If signing people up for healthcare coverage under the Affordable Care Act was a competition, South Florida would be winning.
For the first time, federal data released Wednesday calculated enrollment in the 37 states with a federally-facilitated marketplace based on metropolitan areas, or those with at least 725,000 residents.
The Miami-Fort Lauderdale-West Palm Beach metropolitan area signed up 637,514 consumers since open enrollment began on Nov. 15 — more than twice as many as the No. 2 region, Atlanta.
Two other Florida metropolitan areas, Orlando-Kissimmee-Sanford and Tampa-St. Petersburg-Clearwater, were also in the top 10.
Pamela Roshell, regional director for the U.S. Department of Health and Human Services, said the Florida data highlight the importance of getting Floridians covered.
Florida holds the country’s second-highest uninsured rate, after Texas, and Miami-Dade County — where one in three residents are uninsured — leads the Sunshine State, according to the most recent U.S. Census data from 2011.
Some Floridians are getting coverage for less than $100 a month through HealthCare.gov, she said, and many are finding it easier to enroll than they did last year, when technical problems kept many people from using the website during the first months of enrollment.
She said federal health officials streamlined the process, reducing the number of screens consumers have to navigate from 76 last year to 16 this year.
“We’ve made the process simple, faster and more intuitive,” Roshell said. “We are very encouraged by our progress.”
The result: Since Nov. 15, more than 1.3 million Floridians have been automatically re-enrolled or selected a plan for the first time.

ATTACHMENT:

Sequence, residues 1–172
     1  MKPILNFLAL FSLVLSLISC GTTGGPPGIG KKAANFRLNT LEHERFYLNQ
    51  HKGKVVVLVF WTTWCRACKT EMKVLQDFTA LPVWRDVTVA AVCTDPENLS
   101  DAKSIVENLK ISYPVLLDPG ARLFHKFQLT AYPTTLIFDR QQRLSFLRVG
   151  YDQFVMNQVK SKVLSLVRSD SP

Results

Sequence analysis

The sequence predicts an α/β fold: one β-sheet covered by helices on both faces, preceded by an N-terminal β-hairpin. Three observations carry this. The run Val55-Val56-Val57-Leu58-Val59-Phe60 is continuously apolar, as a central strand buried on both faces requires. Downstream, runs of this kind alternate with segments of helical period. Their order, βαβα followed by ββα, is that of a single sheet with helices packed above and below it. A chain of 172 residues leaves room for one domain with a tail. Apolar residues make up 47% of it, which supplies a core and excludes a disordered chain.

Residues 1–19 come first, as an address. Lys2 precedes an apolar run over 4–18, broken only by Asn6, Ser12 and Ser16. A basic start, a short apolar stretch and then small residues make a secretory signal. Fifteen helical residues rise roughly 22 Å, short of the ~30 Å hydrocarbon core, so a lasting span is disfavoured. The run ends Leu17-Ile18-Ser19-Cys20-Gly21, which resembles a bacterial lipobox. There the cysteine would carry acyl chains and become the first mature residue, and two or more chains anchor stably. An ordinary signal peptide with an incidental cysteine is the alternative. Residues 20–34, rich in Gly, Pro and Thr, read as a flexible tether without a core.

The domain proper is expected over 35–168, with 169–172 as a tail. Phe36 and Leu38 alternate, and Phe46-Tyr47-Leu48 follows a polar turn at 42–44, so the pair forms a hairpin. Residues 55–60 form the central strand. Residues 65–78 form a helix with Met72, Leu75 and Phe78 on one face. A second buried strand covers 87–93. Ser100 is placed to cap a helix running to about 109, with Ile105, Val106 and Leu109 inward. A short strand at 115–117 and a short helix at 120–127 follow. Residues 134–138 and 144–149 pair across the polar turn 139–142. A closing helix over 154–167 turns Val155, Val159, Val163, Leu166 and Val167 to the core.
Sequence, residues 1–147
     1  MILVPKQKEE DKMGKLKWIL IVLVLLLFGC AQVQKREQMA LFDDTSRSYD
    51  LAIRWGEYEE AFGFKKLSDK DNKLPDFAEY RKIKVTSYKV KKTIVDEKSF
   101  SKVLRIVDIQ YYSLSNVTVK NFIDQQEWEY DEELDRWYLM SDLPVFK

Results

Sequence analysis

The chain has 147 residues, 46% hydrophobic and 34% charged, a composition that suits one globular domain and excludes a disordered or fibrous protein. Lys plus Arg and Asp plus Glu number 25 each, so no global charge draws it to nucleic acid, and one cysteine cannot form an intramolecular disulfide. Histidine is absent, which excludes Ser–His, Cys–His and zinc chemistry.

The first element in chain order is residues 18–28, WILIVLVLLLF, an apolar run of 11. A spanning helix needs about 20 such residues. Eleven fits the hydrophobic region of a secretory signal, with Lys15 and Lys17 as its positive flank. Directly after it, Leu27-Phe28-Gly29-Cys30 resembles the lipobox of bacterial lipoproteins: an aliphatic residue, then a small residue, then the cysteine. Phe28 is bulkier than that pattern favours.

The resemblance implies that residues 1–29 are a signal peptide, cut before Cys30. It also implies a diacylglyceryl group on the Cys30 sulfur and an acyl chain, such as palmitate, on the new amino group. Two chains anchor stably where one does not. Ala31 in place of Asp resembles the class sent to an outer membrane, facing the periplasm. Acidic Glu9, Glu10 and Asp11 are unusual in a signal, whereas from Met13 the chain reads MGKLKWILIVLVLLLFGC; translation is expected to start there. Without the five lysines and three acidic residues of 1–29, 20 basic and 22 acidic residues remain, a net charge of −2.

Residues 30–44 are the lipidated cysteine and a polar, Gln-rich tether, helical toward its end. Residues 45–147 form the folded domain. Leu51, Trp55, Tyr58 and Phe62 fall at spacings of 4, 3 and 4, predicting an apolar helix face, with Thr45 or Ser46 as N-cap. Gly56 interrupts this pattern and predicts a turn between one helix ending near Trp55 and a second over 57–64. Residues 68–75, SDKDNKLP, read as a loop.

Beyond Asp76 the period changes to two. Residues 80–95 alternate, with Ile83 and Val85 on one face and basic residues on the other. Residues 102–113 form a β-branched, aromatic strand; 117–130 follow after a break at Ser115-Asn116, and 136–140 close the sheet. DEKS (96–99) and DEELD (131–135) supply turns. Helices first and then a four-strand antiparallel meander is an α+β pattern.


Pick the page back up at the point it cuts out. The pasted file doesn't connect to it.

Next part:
Of those, 93 percent received financial aid to cover the cost of their premiums — the second highest rate of assistance among consumers in the 37 states with federally-facilitated marketplaces.
As the open enrollment period comes to a close on Feb. 15, enrollment counselors are amping up efforts to reach uninsured Floridians who may incur a tax penalty for not being covered.
Nick Duran, Florida state director for Enroll America, a nonprofit focused on signing up consumers on the exchanges, said the group will be holding 70 enrollment drives across the state, including a bus tour that will pass through Miami on Sunday.
South Florida’s private insurance brokers, who now populate even malls and barber shops, have helped increase consumer knowledge and awareness in the area, Duran said.
“Florida continues … paving the way for a healthier, thriving state,” he said.
Follow @MHhealth for health news from South Florida and around the nation.
This story was produced in collaboration with Kaiser Health News, an editorially independent program of the Kaiser Family Foundation.
Plan Selections Nov.15 – Jan.30
Miami-Fort Lauderdale-West Palm Beach, FL
North Port-Sarasota-Bradenton, FL